This Thursday, November 26, a late fall reading will be happening at Thomson House. Simon Lewsen, a Master’s student in English literature and former Daily editor, and Holly Luhning, a poet and novelist who is currently a postdoctoral fellow at McGill in the Burney Centre, are organizing the event. Both will be reading original works, as will Thomas Heise, a poet who teaches in the English literature department at McGill, and Alain Farah, a novelist and poet who teaches creative writing and contemporary french literature. Farah will be reading in French, while Lewsen, Luhning, and Heise will be reading in English. Ian Whittington will accompany the reading with live music.
The reading came about due to an assignment for Lewsen’s creative writing course, which Luhning is supervising; one of the course requirements was to participate in a public reading of original work. Lewsen was looking for a venue to read at when he and Luhning just decided to organize an event themselves.
Both Luhning and Lewsen are big believers in the public reading of creative writing. “There’s performative potential in every type of literature,” explains Lewsen. “[There are] things you’re missing if a piece is not read out loud.”
Luhning agrees; she sees readings as a great opportunity to connect with the audience in a social and dynamic way that is just not possible to achieve through written work.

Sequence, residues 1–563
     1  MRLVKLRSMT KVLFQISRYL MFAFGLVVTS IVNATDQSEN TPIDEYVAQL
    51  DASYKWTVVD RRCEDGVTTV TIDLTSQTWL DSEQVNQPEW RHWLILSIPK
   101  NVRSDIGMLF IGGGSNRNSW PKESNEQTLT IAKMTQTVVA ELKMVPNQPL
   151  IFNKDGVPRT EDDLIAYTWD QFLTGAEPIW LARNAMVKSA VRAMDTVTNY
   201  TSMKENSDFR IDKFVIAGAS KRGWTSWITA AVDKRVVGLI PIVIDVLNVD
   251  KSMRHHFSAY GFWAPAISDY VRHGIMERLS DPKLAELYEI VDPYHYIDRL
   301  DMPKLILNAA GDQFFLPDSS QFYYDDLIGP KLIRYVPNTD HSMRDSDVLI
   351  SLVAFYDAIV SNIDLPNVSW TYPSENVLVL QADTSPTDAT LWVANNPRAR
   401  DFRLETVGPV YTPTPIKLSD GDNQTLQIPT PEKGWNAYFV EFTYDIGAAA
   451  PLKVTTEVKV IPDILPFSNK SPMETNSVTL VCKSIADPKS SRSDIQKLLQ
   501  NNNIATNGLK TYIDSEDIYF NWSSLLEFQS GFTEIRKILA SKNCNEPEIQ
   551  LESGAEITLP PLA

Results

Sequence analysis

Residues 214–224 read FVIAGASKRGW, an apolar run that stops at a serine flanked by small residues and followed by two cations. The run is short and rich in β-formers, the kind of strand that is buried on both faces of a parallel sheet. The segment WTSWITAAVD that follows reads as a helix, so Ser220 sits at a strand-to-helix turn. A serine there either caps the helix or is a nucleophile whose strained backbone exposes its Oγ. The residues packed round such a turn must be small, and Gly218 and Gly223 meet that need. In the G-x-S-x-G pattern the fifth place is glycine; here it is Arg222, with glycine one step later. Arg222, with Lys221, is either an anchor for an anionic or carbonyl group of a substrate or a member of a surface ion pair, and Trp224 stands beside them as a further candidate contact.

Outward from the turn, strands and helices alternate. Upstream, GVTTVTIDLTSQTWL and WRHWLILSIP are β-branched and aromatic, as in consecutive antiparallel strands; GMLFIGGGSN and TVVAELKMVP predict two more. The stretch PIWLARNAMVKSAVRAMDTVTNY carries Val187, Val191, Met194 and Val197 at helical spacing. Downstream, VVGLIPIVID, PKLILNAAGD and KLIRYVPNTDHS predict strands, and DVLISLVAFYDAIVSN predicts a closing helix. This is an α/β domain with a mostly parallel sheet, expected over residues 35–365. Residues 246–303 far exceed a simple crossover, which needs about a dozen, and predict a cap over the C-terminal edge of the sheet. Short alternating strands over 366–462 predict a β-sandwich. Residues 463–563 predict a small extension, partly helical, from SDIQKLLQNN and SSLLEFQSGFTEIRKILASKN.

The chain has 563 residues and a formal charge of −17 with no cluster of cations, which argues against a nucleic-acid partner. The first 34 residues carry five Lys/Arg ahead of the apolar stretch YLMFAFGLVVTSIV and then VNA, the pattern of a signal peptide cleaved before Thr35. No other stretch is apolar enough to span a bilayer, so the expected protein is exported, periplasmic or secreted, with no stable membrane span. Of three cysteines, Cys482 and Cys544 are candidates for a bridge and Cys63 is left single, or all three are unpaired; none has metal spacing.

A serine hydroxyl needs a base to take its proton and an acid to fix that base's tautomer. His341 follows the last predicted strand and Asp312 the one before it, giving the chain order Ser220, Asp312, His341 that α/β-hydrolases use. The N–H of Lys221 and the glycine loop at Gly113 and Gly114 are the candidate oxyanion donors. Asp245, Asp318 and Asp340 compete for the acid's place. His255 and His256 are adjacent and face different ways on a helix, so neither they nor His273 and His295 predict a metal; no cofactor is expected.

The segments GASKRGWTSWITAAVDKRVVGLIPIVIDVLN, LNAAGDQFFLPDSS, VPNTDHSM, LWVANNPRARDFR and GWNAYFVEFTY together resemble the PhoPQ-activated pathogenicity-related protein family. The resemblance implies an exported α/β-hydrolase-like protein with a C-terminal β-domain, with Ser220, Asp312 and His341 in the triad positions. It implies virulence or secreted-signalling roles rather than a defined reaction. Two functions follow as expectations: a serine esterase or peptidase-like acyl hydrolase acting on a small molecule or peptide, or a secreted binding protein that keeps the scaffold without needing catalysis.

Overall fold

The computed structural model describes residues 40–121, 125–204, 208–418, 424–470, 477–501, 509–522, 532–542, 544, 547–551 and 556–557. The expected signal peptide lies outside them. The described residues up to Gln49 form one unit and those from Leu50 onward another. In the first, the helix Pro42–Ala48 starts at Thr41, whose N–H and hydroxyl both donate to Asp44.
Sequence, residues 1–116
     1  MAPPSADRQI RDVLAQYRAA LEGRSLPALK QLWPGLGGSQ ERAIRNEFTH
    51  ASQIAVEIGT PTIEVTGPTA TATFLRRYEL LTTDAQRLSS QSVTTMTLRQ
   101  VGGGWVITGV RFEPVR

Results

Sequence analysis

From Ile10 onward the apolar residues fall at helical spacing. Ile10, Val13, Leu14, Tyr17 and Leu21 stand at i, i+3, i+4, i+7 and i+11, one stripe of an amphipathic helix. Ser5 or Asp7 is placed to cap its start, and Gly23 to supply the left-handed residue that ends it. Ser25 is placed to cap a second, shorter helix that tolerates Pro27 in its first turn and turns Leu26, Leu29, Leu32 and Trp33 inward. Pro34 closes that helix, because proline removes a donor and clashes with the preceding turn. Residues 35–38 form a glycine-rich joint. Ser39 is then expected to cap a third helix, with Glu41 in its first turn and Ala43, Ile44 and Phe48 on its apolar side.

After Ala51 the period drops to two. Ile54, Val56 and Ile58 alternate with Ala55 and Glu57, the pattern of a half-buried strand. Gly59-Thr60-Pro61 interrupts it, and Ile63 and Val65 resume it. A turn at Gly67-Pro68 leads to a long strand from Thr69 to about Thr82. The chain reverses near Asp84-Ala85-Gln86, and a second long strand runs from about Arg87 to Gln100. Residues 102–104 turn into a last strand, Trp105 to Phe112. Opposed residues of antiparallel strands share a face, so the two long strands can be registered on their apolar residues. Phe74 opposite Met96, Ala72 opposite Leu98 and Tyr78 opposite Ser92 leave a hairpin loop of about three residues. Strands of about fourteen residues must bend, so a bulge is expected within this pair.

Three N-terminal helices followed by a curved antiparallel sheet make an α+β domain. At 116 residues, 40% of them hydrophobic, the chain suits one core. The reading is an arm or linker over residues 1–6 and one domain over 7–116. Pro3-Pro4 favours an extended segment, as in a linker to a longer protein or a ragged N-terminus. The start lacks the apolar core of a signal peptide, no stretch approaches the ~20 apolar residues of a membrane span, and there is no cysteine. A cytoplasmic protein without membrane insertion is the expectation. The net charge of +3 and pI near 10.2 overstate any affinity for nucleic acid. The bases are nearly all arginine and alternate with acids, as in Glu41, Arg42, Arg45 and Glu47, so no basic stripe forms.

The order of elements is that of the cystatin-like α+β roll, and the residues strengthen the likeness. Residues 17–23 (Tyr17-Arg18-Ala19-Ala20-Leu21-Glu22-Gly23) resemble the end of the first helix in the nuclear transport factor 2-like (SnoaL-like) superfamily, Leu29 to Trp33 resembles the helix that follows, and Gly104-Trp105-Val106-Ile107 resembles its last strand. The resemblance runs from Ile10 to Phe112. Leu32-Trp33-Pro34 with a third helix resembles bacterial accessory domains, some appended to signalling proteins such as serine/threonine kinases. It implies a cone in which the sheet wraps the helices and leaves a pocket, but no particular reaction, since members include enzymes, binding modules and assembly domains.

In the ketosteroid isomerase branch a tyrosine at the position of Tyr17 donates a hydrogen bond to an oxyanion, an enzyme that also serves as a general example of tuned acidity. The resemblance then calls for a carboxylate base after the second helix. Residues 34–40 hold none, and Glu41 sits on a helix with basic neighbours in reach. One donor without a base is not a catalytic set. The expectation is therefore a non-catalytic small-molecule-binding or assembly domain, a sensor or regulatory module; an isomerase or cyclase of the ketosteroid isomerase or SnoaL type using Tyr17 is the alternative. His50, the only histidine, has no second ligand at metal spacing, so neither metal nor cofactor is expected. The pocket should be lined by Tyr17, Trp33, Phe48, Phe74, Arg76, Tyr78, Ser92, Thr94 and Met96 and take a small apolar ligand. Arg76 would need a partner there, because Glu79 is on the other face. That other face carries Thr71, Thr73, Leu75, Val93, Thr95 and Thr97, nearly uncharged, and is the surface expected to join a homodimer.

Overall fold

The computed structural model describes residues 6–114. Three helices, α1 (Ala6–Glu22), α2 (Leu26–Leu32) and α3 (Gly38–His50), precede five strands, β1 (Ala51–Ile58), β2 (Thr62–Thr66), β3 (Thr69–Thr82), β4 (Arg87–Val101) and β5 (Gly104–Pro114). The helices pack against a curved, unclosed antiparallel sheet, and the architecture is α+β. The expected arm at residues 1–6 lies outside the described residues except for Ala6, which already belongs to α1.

“[Readings are] especially important for mediums like poetry. [They] are a great way to celebrate literature and the authors’ audiences,” notes Luhning. She will be reading some unpublished poems and a small excerpt from her forthcoming novel, Quiver.
The event is taking place at McGill despite the fact that the University does not have a creative writing program, perhaps due to a hesitancy to combine critical and creative approaches to literature.
“It is remarkable how few graduate students admit to being creative writers,” says Lewsen. “There is a discomfort with creative writing [in academia] and this public reading will signal that [creative writing] is here [at McGill].”
Luhning did not wholly agree with this point of view, stating that her creative work is hugely informed by the work she does in the critical field of English literature.
“There are lots of examples where there is a crossover, people writing both [creative and critical work],” says Luhning. But she did agree that she hopes the event will encourage students and academics to at least try creative writing or attend readings.
“[The reading] will make students aware of another way of writing and thinking critically,” Luhning explains. “Having exposure to the largest number of ways of thinking and expressing oneself is a good thing.”
The public reading is an opportunity for students and faculty alike to come together and share in a night of literature and music. It is a rare opportunity to hear members of the McGill community read their work at an event on campus, and students should take advantage of this night.
Lewsen will be reading some short stories that he has been working on. Even though he organized the event, he has some misgivings about actually reading his work in public.
“I write with an audience in mind, but I’m not comfortable with the idea of [the audience] actually reading [my work],” Lewsen explains ruefully. The public reading will be an opportunity for Lewsen to face his fear, and perhaps inspire some closeted writers to do the same.
The reading will take place in the Thompson House (3650 McTavish) basement on November 26 at 8 p.m. The event is free of charge, and all are welcome.